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Zhe Feng, Fengfei Song, Koichi Sakaguchi, and L. Ruby Leung

, baroclinic waves and frontal systems provide strong lifting mechanisms and the Great Plains low-level jet (LLJ) provides anomalous moisture for favorable dynamical and thermodynamical environments for MCS development. In contrast, during summer, favorable environments featuring significantly weaker baroclinic lifting and thermodynamic instability suggest much lower predictability of MCSs compared to spring ( Song et al. 2019 ). Besides limitations in physics parameterizations, it is unclear if GCMs are

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Samson M. Hagos, L. Ruby Leung, Oluwayemi A. Garuba, Charlotte Demott, Bryce Harrop, Jian Lu, and Min-Seop Ahn

1. Introduction Understanding and quantifying the effects of global warming on regional hydrological cycles is one of the most important problems in climate science because of the societal implications. At global scale, atmospheric moisture increases with temperature under global warming at a rate that follows the Clausius–Clapeyron relationship of ~7% K −1 , while global precipitation increases at a much slower rate of ~2% K −1 ( Held and Soden 2006 ). This difference between the responses of

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Stephanie A. Henderson, Eric D. Maloney, and Seok-Woo Son

Rossby waves that propagate into the extratropics and significantly modulate the extratropical circulation (e.g., Matthews et al. 2004 ; Seo and Son 2012 ). The MJO modulates various aspects of weather and climate including regional temperatures (e.g., Vecchi and Bond 2004 ), precipitation (e.g., Jones et al. 2004 ; Donald et al. 2006 ), atmospheric blocking (e.g., Henderson et al. 2016 ), hurricanes (e.g., Maloney and Hartmann 2000 ; Liebmann et al. 1994 ), and global monsoons ( Lorenz and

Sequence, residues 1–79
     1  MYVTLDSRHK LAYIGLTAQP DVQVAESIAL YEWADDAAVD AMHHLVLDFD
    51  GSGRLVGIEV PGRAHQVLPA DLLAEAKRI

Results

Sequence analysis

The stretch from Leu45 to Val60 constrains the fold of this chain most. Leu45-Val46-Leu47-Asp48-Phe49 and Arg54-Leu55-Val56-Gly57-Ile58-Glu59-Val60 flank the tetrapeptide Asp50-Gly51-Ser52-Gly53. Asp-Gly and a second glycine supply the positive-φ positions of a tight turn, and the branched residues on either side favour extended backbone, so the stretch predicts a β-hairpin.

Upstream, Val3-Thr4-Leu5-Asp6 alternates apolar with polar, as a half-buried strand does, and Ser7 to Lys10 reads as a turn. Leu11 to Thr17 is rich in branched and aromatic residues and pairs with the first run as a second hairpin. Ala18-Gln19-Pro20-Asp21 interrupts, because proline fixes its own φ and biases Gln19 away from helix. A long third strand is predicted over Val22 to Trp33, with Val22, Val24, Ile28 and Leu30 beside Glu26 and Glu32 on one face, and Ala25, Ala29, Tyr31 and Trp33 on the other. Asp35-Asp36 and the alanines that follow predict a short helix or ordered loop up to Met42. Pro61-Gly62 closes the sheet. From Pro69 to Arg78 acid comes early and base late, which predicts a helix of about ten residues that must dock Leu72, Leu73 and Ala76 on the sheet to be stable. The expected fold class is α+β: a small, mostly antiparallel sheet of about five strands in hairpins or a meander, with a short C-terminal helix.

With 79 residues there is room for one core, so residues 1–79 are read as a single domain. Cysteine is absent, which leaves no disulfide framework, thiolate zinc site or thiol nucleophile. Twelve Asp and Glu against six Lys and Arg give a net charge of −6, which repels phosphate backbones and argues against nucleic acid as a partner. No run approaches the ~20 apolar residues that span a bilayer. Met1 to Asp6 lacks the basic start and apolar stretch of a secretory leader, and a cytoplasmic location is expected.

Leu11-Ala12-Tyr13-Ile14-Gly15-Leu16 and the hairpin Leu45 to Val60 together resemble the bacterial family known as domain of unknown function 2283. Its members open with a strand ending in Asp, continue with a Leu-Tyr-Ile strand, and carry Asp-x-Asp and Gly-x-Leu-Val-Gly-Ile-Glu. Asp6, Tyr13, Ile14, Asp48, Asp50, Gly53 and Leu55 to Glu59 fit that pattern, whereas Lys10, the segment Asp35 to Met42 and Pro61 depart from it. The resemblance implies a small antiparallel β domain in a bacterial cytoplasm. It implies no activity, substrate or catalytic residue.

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Jiabao Wang, Hyemi Kim, Daehyun Kim, Stephanie A. Henderson, Cristiana Stan, and Eric D. Maloney

for a tropically forced Rossby wave packet to reach high latitudes ( Hoskins and Karoly 1981 ). This lag is applied to all Z500a results unless stated otherwise. Our analysis is mostly focused on MJO phases 3 and 7, which are the most effective MJO phases in exciting extratropical circulation anomalies ( Stan et al. 2017 ; Tseng et al. 2019 ) and modulating extratropical events, such as eastern Pacific and Atlantic blockings, North Pacific storm tracks, atmospheric rivers, and extreme

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Douglas E. Miller and Zhuo Wang

feedback, plays an important role in the development and maintenance of the NAO, which implies the NAO’s limited predictability. Other studies revealed the link between the NAO and blocking or Rossby wave breaking and emphasized the positive and negative phases of the NAO as two North Atlantic weather regimes (e.g., Benedict et al. 2004 ; Woollings et al. 2010 ). Weather regimes are recurrent, slowly evolving atmospheric patterns (e.g., Reinhold and Pierrehumbert 1982 ) typically lasting several

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Xianan Jiang, Ángel F. Adames, Ming Zhao, Duane Waliser, and Eric Maloney